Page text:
Not surprisingly, there is a school of thought in the study of mythology that regards myths as a form of broad understanding, telling stories connected to power, political structures, political and economic interests.1 This description sounds remarkably similar to the post-modern take on the world. Representational artists confront actual matters of power, politics and morality with some trepidation. This may be in part because art has served primarily its patrons’ interests. And power intends to be feared. Goya proposed Execution, The Third of May to the provisional government who had expelled the French, and his painting celebrates the heroes who opposed the tyrant of Europe, that was, France. He took more risks with his prints, and took greater caution, and ‘The Disasters of War‘ was not published until thirty-five years after his death.
“Doubtless he feared some such form of political reaction from the despotic new Spanish regime of Ferdinand VII as had so seriously endangered him when he published his first set of prints, Los Caprichos, in 1799.”2 The proof he gave a friend was titled ‘Fatal consequences of Spain’s bloody war with Bonaparte, and other emphatic caprices,’ and his scenes of atrocities, starvation, degradation and humiliation criticized both the French and the restored Bourbon monarchy.
Ilya Repin had the advantage of distance and time in his painting, sometimes titled Reply of the Zaporozhian Cossacks to Sultan Mehmed IV of the Ottoman Empire. The Sultan Mehmed had written the Cossacks in 1670 demanding their submission and the painting shows the Cossacks devising a reply to the Sultan filled with insults and profanities. In the actual event, they addressed the sultan as “Satan” and “the crick in our dick” and concluded their reply inviting him to “kiss us thou knowest where.” The accounts of the event may have been apocryphal, though at least two versions of the letter survive, but it is recorded that Stalin had a reproduction of the painting in his study, and that when visitors came he would stand before it and recite the letter from memory. This and the fact that Repin spent thirteen years on this canvas testify to its importance in Russian thought.3
Titian and Velazquez each painted a pope in in ways, centuries later, that invite us to question the characters and historical records. Francis Bacon’s Study after Velazquez resonates in our time when authority has been so completely discredited, so often by the actions of individuals once called authority figures.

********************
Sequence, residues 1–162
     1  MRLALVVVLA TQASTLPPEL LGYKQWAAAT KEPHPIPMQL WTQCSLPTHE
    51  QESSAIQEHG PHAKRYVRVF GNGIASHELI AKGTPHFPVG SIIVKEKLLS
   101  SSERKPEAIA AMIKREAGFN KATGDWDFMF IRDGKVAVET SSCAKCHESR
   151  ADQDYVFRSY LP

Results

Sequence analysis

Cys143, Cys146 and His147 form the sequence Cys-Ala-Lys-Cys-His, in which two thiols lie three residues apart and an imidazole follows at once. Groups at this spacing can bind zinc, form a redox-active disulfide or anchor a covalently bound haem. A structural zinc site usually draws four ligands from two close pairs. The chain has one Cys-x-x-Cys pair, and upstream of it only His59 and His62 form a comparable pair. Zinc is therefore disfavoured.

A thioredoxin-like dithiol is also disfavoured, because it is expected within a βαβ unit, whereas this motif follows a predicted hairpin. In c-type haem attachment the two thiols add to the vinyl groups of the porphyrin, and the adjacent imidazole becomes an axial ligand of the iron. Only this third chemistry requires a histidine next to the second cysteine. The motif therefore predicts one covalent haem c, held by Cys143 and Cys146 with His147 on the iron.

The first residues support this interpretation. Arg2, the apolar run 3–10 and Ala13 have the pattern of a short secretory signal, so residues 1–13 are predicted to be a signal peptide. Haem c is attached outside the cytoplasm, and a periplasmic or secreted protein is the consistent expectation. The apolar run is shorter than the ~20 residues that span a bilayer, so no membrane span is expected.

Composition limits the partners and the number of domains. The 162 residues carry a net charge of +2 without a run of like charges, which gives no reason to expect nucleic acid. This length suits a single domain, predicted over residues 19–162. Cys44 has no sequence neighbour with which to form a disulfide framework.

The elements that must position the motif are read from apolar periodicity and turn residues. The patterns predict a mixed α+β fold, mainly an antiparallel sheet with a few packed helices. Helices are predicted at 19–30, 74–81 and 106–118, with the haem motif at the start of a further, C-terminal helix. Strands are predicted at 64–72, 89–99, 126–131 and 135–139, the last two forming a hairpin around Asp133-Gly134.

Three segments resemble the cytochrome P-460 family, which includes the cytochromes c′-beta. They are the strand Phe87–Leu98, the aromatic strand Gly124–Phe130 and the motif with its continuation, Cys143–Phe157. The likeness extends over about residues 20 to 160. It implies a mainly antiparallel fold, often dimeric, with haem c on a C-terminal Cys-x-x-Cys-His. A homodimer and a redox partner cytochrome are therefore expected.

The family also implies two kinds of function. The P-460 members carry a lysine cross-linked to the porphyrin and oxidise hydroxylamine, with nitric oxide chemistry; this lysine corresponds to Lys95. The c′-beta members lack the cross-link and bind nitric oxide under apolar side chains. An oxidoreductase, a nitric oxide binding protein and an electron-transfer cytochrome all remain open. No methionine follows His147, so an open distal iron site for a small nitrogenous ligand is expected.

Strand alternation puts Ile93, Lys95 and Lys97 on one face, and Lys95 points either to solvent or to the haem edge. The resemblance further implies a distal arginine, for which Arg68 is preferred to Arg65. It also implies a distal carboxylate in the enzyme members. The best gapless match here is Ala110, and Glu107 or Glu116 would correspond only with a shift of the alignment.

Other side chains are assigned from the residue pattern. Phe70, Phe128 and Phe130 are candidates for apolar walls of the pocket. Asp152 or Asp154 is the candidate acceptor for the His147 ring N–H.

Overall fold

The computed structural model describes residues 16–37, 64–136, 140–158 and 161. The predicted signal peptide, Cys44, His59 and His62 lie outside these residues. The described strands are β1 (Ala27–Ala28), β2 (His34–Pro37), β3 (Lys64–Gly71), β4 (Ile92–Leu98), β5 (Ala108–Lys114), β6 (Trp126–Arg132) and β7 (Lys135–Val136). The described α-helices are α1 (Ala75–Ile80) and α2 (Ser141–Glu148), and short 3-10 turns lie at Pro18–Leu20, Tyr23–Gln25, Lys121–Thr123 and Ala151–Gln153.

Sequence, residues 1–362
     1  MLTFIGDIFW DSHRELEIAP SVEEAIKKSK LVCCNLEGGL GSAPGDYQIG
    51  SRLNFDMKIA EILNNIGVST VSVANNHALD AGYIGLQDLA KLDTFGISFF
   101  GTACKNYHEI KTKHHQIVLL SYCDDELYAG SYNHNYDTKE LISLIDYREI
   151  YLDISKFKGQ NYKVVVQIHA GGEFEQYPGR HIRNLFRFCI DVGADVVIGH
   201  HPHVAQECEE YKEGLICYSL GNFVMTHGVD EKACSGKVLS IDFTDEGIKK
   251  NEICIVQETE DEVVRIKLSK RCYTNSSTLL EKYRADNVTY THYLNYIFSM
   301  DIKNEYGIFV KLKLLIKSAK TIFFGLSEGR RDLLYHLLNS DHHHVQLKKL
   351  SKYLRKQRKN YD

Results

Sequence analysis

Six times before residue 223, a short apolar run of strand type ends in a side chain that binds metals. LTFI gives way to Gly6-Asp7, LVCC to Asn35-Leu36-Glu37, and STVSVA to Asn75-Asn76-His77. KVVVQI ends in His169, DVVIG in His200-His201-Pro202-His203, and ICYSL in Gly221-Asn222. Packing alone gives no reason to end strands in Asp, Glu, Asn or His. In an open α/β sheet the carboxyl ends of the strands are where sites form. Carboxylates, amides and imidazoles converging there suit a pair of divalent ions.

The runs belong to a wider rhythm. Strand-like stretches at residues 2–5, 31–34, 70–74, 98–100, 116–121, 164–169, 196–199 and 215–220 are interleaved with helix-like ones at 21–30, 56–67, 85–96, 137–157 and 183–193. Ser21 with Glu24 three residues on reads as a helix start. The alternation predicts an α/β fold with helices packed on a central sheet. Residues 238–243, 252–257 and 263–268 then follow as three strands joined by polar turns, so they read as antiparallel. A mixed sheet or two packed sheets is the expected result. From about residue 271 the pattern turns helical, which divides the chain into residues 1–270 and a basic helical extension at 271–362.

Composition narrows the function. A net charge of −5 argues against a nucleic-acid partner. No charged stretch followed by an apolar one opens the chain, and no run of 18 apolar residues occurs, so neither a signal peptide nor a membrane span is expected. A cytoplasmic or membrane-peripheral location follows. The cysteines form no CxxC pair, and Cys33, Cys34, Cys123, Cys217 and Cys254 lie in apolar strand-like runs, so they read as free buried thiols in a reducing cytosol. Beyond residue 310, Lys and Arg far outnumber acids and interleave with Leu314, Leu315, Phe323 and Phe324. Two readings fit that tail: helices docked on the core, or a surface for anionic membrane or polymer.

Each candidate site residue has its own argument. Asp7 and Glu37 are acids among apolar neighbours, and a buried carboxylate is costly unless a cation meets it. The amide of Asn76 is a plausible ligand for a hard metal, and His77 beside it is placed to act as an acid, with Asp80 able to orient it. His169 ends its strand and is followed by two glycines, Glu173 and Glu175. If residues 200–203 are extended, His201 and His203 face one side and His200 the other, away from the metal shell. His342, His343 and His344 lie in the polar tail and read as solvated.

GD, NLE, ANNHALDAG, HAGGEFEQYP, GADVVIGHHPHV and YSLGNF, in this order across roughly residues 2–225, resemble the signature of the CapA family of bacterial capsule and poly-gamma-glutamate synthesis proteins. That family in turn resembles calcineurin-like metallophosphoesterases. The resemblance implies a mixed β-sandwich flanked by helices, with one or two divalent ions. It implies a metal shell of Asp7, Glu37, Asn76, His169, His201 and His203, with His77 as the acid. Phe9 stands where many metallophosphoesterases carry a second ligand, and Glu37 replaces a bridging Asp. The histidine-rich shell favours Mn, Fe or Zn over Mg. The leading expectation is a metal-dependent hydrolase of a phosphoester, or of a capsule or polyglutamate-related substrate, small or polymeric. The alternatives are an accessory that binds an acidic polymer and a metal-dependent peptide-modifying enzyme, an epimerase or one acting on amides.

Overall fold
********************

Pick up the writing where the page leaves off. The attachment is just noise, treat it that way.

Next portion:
Nelson Shanks made an honest decision in the commissioned portrait of President William Jefferson Clinton (2005-2006) to address moral failings. The shadow across the presidency he painted came from blue dresses he hung on a coat rack. The actual dress to which Shanks referred came to light when the president was investigated, and then impeached by the House of Representatives, and subsequently disbarred by the state of Arkansas, for lying in a separate sexual harassment case. Reasonable people may disagree about the propriety of the investigation’s origins. I had long urged the artist against revealing his compositional device, and his revelation of it became a political issue, at least to the members of The Representational Art Group on Facebook. I do agree with him that there will be historical consequences to the President’s actions. It will be interesting to watch and see when, or if, the institution that commissioned the portrait ever brings it back on view.
- Wikipedia, “Mythology,” last modified October 22, 2015, accessed October 27, 2015, http://en.m.wikipedia.org/Mythology.
- Philip Hofer. The Disasters of War (New York: Dover Publications), 2006, p. I.
- Victor A. Friedman, “The Zaporozhian Letter to the Turkish Sultan: Historical Commentary and Linguistic Analysis,” SlavicoHieroSolymitana, edited by Victor Raskin and Dmitri Segal, accessed October 27, 2015, http://home.uchicago.edu/~vfriedm/Articles/015Friedman78.pdf